As the years passed on, some moderate opposition grew. In 1985, in the elections for the lower assembly, the seats for the Zanu-PF grew, with a loss of seats for the Zapu and newly-christened Conservative Alliance of Zimbabwe (CAZ), a racist White party. The same year, people said that Zanu-PF was a “bogus liberation front,” thrown off the stage of African liberation in the place of Zapu-PF and the ANC, even though both organizations were backed by Soviet social imperialists, along with attacking organizations such as the Pan Africanist Congress of Azania (PAC). Keeping this in mind, it worth pointing out that while Mugabe did not nationalize White land, as he should have done, he did become the leader of the Non-Aligned Movement in 1986, a position he retained until 1989. Additionally, Black nationalists were supported rhetorically and there were strained relations between Whites and Blacks from 1980-1989 as “White flight” continued despite his pandering. Domestically, in 1987, Mugabe became president, replacing Canaan Banana, the country’s first President, under which it was a ceremonial positional, constitutional amendments were passed, a unity agreement between Zanu-PF and Zapu-PF meant that Zapu-PF was merged into the Zanu-PF (Zimbabwe African National Union-Patriotic Front). The opposition to this government manifested itself in a Zimbabwean Unity Movement (ZUM) led by Tekere, and the CAZ, which enjoyed representation on the municipal level, after 1987. The latter party, still lead by Ian Smith, chaired a meeting of opposition groups, including the Zanu–Ndonga party, UANC (United African National Council), and ZUM (Zimbabwe Unity Movement), in 1992, with these parties basically splintering and disappearing in later years. Internationally, Mugabe stood by the revisionist Chinese government during the Tiananmen Square protests, lasting from April until June 1989, and peaceful economic relations continued between the two countries. [17] Some consider these protests to be counter-revolutionary, while others claim they had “merit.” Even Margaret Thatcher told Mikhail Gorbachev, the person who was a biggest cause of the Soviet Union’s dissolution due to his policies, making the Western capitalist class smile with glee, that there needed to be a settlement in South Africa, saying that events happening there were the same as those that occurred “during the initial period of implementation of the agreement granting independence to Zimbabwe.”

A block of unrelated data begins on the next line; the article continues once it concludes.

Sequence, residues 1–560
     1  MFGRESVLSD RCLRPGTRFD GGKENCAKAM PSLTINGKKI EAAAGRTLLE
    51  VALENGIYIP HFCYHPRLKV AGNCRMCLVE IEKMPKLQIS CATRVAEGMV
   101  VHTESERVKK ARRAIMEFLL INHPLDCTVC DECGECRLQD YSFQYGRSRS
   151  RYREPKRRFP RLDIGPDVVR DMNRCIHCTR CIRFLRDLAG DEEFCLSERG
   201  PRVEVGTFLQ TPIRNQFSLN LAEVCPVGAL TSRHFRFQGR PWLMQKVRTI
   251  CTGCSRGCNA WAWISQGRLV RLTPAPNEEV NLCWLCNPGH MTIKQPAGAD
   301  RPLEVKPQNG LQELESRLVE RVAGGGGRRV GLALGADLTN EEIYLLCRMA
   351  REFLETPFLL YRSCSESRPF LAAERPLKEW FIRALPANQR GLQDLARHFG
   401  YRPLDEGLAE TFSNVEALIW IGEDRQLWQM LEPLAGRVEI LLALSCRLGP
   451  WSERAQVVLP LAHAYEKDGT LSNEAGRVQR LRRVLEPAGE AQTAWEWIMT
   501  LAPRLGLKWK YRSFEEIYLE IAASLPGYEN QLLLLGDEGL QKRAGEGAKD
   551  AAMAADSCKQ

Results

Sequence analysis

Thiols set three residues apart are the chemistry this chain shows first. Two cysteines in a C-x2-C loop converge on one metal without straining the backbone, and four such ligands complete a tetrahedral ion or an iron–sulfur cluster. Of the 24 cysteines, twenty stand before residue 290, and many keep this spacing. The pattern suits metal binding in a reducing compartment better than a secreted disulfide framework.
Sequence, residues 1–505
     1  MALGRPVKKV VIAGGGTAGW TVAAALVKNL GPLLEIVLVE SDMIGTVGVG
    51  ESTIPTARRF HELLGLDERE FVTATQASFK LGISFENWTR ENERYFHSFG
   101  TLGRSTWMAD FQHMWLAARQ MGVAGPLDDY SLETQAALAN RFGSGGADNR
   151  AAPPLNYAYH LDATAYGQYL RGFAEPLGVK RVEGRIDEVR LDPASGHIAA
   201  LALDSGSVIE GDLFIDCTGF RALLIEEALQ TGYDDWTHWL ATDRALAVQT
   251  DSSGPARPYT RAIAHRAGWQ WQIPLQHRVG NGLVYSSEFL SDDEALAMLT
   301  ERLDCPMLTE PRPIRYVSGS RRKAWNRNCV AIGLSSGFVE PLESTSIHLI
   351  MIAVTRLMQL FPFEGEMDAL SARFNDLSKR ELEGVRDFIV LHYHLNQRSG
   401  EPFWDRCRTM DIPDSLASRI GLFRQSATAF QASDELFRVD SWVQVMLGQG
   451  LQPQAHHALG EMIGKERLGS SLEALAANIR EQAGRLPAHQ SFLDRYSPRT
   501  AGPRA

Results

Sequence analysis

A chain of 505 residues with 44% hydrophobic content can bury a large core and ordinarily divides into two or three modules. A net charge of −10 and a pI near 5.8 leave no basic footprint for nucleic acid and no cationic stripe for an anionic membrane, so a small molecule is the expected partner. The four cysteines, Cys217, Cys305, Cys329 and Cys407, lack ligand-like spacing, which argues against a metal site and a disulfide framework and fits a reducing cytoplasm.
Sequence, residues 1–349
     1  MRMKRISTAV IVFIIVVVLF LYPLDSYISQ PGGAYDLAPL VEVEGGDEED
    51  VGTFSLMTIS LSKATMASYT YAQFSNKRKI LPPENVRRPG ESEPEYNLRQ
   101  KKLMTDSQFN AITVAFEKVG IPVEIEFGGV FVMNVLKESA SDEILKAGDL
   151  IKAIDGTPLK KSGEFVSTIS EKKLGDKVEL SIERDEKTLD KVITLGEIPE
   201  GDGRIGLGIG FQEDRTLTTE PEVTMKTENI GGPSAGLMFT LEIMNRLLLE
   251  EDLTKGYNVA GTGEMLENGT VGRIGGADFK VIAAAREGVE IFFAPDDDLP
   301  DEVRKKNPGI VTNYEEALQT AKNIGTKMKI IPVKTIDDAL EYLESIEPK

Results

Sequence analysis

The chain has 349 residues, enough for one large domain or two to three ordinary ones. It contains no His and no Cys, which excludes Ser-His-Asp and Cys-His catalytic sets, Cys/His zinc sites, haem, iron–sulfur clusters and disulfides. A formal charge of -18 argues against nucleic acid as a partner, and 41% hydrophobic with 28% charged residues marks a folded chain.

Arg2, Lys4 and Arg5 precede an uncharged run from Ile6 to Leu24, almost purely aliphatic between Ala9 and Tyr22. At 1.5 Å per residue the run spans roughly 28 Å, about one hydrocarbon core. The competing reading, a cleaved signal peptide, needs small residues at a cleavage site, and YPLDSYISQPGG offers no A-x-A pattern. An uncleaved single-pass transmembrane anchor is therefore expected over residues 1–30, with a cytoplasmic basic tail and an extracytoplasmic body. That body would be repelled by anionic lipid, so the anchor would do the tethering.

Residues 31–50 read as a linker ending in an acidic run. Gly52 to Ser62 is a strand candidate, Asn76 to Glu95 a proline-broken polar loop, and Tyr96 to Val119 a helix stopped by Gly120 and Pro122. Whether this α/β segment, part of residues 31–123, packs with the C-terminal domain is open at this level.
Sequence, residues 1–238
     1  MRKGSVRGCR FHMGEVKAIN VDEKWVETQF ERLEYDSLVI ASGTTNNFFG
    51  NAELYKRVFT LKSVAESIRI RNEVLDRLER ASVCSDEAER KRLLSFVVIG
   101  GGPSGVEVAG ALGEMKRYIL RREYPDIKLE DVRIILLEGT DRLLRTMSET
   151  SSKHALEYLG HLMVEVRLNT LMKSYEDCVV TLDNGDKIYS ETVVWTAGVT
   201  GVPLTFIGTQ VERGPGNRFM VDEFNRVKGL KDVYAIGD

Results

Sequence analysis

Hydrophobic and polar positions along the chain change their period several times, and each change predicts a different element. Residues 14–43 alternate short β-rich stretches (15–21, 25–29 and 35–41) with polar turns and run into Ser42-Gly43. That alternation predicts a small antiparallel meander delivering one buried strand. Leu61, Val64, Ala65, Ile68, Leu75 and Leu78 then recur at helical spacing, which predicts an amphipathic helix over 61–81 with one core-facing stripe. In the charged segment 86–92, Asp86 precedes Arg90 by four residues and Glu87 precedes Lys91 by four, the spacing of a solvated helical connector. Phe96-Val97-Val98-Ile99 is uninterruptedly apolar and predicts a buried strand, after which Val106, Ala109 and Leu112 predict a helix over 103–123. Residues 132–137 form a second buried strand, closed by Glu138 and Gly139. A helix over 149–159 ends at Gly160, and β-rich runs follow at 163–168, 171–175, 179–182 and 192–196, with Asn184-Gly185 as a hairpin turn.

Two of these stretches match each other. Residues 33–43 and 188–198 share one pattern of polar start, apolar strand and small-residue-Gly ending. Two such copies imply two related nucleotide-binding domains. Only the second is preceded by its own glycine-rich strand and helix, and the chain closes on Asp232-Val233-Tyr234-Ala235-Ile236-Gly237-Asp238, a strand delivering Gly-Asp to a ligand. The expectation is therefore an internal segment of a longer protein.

By the 1990s, the situation in Zimbabwe was changing. In the first general elections under the amended constitution in 1987, which abolished the Senate, was conducted on a single roll, with no separate voting for Whites and Blacks, a step forward in the country’s post-independence period. In the elections, the Zanu-PF gained over 83% of the vote and the ZUM gained roughly 17% of the vote, which apportioned seats in the lower assembly. The dissolution of the USSR in December 1991 had a profound effect on Africa, which even the US White propaganda outlet, VOA, admits, as deeply affecting “Marxist-inspired governments and movements” such as those in Benin, Ethiopia, and Angola, while those “anti-communist authoritarian governments” backed by the U$ and Europe also “turned to multi-party elections” in due time. For Zimbabwe, mentions to Marxist-Leninism and scientific socialism were removed from the Constitution, with market measures seeming the way to go. As a government that was short on cash, the Zanu-PF government began an IMF Economic Structural Adjustment Program (ESAP), with similar programs pushed by the U$ across the world, leading to a program of austerity which hurt the populace for years to come, while also weakening the government.